News Release | January 26, 2024

The African American Texans

The African American Texans

“The people of Texas are informed that, in accordance with a proclamation from the Executive of the United States, all slaves are free.”


June 19, 1865, General Gordon Granger proclaims General Order #3, Galveston, Texas

The main exhibit floor at the UTSA Institute of Texan Cultures dedicates significant space to the African American Texans story. It has seen recent upgrades, including a history wall detailing African American Texans in military service, an interactive digital component offering an in-depth look at the sharecropper house, and modern-day conversations about Black and multi-racial heritage in San Antonio.

Military Service

1800s cavalry uniform and exhibit wall

Buffalo Soldiers uniform and “Legends and Heroes” exhibit section

Among the stories in the exhibit area, the institute outlines the Buffalo Soldiers, regiments of Black infantry and cavalry raised after the Civil War. Buffalo Soldiers scouted and mapped the Texas Frontier, helped build telegraph lines, protected the mail, and defended settlers. When people use the expression “Send in the cavalry,” they probably don’t realize they’re calling for Black soldiers on horseback to save the day.

Military service offered Blacks the opportunity to improve their station in life. Through military service, they became literate, they learned to ride horses, and they picked up additional skills. When they left military service, they’d often put their riding skills to use as they joined cattle drives. Cowboys, an icon of the Texan identity, were, in many cases, Black.

Sharecropping – Tending the Soil

Sharecropper house

ITC’s sharecropper house in its original location in Navasota

A prominent feature of the African American Texans exhibit is the sharecropper house. The immersive environment offers a perspective on life in rural and agricultural Texas.

The ITC’s sharecropper house is a genuine artifact used more than a century ago in Navasota, Texas. Inside, it houses additional objects used in day-to-day life such as a 1911 McDade Pottery brazier from Bastrop, an 1800s ladderback chair built by a slave known as “Old Dave” and an early 1900s railroad-style lantern from the R. E. Deitz company.

A digital walkthrough of the sharecropper house is available here.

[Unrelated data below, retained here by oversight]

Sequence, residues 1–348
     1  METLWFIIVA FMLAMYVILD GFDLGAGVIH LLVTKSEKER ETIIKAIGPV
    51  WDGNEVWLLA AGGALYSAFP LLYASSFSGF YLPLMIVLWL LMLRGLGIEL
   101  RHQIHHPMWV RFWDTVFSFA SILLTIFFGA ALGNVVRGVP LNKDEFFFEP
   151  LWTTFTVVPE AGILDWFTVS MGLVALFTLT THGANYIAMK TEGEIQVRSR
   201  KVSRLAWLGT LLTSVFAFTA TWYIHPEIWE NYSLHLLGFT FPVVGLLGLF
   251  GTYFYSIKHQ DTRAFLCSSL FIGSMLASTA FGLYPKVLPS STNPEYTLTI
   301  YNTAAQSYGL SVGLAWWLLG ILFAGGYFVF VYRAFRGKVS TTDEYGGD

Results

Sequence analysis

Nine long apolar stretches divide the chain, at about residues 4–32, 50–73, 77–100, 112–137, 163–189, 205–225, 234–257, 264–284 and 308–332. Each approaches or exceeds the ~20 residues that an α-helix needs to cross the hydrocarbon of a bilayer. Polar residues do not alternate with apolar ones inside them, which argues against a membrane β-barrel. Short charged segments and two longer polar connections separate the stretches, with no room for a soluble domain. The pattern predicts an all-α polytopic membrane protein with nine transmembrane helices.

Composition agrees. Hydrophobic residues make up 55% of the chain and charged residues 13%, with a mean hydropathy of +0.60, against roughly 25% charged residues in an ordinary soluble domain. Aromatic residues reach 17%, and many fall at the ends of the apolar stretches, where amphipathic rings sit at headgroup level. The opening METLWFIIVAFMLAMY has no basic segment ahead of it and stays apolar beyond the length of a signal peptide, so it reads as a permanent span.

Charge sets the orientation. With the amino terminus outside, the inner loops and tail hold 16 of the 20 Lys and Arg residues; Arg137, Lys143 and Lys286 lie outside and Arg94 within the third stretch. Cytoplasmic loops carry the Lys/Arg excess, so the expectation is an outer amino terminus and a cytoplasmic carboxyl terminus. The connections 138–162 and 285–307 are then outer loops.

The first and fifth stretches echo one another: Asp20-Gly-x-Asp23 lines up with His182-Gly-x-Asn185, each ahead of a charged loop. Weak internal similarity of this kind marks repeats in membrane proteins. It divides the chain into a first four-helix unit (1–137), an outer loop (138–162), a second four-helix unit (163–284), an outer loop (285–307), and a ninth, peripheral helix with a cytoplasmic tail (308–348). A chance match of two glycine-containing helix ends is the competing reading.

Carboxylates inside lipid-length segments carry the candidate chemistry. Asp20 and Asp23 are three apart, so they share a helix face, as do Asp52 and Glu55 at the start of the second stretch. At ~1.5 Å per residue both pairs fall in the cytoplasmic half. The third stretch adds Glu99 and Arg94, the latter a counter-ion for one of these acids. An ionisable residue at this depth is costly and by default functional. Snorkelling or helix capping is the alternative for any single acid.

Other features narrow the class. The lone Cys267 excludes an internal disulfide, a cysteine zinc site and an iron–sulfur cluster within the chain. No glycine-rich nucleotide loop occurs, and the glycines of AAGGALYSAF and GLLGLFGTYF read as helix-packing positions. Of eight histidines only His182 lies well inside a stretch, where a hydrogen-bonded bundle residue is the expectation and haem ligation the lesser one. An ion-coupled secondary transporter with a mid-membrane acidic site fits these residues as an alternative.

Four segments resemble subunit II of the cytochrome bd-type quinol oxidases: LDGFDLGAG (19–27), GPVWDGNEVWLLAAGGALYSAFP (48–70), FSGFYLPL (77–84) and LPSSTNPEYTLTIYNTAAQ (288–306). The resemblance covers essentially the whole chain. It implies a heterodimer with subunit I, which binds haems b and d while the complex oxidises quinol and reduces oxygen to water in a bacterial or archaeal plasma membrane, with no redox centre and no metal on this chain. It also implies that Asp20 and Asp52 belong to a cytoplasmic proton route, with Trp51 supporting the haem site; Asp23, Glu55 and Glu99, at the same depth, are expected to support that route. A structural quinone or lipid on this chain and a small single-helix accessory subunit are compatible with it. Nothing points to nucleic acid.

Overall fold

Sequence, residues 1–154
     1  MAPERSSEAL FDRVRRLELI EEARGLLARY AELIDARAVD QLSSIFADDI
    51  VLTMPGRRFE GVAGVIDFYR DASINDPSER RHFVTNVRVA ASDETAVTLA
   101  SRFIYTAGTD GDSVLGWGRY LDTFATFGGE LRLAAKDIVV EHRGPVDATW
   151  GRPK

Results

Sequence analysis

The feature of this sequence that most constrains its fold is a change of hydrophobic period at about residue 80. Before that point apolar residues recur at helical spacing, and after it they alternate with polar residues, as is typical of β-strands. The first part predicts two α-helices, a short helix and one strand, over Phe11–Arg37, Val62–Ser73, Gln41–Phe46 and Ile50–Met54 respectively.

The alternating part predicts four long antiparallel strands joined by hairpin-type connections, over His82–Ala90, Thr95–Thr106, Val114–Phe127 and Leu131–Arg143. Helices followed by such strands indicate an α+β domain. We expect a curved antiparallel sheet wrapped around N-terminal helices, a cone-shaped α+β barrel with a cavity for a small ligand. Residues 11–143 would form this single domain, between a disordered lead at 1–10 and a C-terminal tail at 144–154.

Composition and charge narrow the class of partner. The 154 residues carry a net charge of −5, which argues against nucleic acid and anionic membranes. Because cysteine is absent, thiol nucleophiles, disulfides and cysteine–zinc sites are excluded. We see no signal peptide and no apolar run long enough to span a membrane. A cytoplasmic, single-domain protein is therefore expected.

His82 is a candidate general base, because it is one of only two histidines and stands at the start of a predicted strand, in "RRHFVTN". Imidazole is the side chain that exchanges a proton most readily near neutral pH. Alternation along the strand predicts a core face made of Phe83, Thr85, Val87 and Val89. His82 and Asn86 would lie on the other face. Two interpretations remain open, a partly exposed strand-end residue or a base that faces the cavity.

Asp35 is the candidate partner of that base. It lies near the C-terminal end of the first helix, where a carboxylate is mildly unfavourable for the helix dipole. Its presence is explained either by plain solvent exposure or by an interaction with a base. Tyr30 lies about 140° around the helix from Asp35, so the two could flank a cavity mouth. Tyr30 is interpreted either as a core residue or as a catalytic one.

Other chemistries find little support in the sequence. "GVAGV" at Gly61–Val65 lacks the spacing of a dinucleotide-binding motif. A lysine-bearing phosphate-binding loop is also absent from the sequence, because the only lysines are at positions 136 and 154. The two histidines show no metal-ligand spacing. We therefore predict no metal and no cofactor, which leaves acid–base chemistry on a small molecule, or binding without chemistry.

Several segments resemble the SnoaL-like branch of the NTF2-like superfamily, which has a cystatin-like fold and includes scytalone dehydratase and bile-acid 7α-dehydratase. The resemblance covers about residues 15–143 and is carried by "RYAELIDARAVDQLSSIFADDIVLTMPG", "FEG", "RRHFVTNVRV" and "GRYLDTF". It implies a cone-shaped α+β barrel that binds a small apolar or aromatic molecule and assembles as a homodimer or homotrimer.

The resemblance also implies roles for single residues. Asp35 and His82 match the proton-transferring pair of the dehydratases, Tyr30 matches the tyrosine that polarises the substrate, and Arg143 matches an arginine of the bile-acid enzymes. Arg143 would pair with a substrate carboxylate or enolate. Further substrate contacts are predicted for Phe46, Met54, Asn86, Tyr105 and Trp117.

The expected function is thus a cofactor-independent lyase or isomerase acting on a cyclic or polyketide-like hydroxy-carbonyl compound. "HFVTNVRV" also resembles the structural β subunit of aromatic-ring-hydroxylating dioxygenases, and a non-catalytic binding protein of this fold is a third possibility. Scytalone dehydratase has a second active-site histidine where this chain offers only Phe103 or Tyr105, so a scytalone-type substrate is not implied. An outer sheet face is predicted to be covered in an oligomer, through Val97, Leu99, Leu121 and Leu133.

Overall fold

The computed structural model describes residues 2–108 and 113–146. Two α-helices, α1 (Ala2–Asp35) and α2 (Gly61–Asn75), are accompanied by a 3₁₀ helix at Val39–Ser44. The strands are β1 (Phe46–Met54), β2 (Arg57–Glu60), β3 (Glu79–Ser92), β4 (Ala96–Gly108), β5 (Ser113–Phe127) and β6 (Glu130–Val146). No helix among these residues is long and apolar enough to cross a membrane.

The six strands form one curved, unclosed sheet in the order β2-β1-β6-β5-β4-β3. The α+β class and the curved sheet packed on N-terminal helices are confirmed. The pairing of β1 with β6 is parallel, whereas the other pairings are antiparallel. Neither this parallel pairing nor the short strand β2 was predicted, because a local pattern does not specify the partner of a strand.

close-up of quilt and stitching, depicting two cowboys standing with horses

Close-up detail from the “Fabric of a People” quilt, depicting Black cowboys

African American Story Quilts

The ITC connected with the African American Quilting Circle in 2023 and received a set of quilts dedicated to telling African American Texan stories.

The circle prepared a new quilt for the sharecropper house, with material and styling that more accurately represented the period when the house was inhabited.

A quilt entitled “Fabric of a People” depicts several African American Texans stories, with images and captions forming a border around a state map. The quilted map tells stories in its stitching, as the stitches outline images of slaves arriving in Galveston, Buffalo Soldiers exploring the frontier, Black cowboys working the land, and Black communities growing in Freedom Colonies.

Read more our quilt exhibit

Clifton and Diamond Hodge seated for a conversation.

Clifton and Diamond Hodge have a conversation about Black and multi-racial experiences in San Antonio.

You Take It From Here

Born from a collaboration with Advanced Learning Academy students, this exhibit component offers an honest and intriguing discussion on topics ranging from civil rights to gentrification to being biracial in San Antonio. The installation includes three monitors playing interviews the students conducted with their parents, discussing growing up Black and how things have changed in their neighborhoods over the last 20-plus years.

Read more about this student project

By James Benavides